The Imagined Bay Area of 2070: Affordable, Equitable, Prosperous

An opinion published recently by the San Francisco Chronicle offers a provocative thought exercise: How did the Bay Area of 2070 achieve affordability, equity, sustainability and adaptation in the face of climate change, and new levels of prosperity?

June 29, 2021, 11:00 AM PDT

By James Brasuell @CasualBrasuell

A sunny day in San Francisco, with a view of the city skyline with the Easy Bay Hills in the background.

Roschetzky Photography / Shutterstock

Sarah Karlinsky, senior advisor at SPUR, pens an opinion piece for the San Francisco Chronicle [paywall] that lays out an ambitious vision for the San Francisco Bay Area. In a creative twist, Karlinsky imagines writing from the year 2070—when the Bay Area is thriving with sustainable transportation, affordable housing, and the demise of the systemic racism in the built environment.

According to Karlinsky's imagined future history, 2021 would prove a watershed moment for the Bay Area, emerging from the COVID pandemic with optimism but realizing that all was not well:

Housing was too expensive. It was obvious that only the wealthiest would soon able to afford to live anywhere near the coast. More people were falling into homelessness. Workers moved further and further away from job centers to find affordable housing, only to spend four hours a day in traffic getting to and from work. That is when they weren’t escaping from terrifying wildfires, which were on the verge of befouling the air for six months out of the year. Coastal cities were just beginning to realize the gravity of their battles with ever-rising seas. Inland cities were experiencing terrible heat waves. Drought was everywhere.

The process of change, according to Karlinsky, happened in 2022:

It began way back in 2022, when Californians passed state and local laws to build more apartments near transit and along commercial corridors. By 2037, taller apartment buildings with stores on the ground floor lined Bay Area streets next to BART and Caltrain routes and along commercial corridors like El Camino Real. Hundreds of thousands of families moved in. Now they catch trains or hop aboard electric buses to get where they need to go instead of driving.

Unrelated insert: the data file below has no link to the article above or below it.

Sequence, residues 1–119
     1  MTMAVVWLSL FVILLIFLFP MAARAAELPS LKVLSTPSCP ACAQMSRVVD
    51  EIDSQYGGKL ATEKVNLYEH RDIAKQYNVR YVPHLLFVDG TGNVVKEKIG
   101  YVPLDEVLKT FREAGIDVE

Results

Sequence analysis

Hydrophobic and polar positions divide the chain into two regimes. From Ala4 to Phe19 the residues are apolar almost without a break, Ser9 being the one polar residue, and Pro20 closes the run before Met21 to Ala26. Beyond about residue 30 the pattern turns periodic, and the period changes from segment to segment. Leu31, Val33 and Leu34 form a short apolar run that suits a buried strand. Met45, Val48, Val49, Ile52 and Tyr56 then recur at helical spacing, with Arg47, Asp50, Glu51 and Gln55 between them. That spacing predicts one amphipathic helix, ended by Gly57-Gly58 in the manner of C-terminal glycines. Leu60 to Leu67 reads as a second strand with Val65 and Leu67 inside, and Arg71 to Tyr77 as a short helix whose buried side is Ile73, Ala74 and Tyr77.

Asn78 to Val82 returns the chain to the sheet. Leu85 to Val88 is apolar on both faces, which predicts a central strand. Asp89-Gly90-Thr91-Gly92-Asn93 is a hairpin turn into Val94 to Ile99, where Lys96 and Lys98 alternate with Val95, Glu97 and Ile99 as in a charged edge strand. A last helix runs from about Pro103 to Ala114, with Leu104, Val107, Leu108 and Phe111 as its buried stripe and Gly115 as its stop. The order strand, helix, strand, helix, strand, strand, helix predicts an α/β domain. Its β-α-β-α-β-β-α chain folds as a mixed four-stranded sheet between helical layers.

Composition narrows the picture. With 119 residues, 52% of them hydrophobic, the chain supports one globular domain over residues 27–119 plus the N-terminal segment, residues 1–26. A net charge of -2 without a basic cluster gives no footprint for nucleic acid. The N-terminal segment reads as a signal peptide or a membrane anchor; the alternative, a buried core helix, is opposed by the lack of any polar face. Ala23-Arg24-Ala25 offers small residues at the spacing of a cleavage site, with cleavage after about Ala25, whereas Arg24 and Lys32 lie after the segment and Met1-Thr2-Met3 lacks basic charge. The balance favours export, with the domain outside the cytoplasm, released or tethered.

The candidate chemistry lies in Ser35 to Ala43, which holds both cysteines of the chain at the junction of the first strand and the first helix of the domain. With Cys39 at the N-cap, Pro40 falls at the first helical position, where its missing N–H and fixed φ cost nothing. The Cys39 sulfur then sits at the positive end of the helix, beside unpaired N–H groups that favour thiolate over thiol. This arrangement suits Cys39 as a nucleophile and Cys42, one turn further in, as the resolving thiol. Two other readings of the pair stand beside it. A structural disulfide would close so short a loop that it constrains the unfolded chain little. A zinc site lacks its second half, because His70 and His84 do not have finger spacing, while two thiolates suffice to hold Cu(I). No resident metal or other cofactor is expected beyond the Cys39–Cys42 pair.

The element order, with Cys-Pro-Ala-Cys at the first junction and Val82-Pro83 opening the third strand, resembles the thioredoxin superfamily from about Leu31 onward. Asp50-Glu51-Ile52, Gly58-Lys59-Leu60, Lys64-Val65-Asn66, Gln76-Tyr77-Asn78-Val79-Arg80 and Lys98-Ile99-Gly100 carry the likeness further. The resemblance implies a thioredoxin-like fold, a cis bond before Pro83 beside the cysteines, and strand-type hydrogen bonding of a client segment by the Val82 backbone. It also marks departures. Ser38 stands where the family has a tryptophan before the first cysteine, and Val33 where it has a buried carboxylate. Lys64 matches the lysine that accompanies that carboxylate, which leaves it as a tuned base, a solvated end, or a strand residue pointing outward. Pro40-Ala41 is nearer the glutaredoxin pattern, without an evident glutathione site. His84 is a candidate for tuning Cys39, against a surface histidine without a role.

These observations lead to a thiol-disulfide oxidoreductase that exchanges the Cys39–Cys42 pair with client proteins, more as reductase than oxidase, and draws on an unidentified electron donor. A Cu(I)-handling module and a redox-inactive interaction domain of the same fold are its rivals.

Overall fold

Just reshaping areas near transit wasn’t enough, of course. In 2023, NIMBYs, YIMBYs and everyone in between finally agreed to set aside their differences and dismantle the structural racism that was driving so many bad land-use decisions. We agreed that the government unfairly helped white families purchase homes through federally backed mortgages in the 1940s and 1950s, while excluding Black families. These racist decisions were never remedied, and had dire consequences for public health and equitable wealth distribution, even in the 2020s.

The events of this invented history include additional legislation that loosened zoning restrictions of housing in suburban locations. "Small apartment buildings, granny flats and affordable housing became the new suburban norm," according to Karlinsky.

Other reforms and innovations that helped changed the course of California's evolution include property tax reform, expanded funding mechanisms, a streamlined permitting system, electric buses, restored wetlands, all electric buildings, a second Transbay tube, freeway removal (removed in 2027), and a "green necklace" of parks around the Bay Area as a buffer from wildfires.

The first step is the hardest, explains Karlinsky, but it's possible. "We can live in a region that is affordable, sustainable, racially just and easy to get around. But to get there, we have to believe such a future is possible and insist that our elected leaders make that vision a reality."

Tuesday, June 15, 2021 in San Francisco Chronicle


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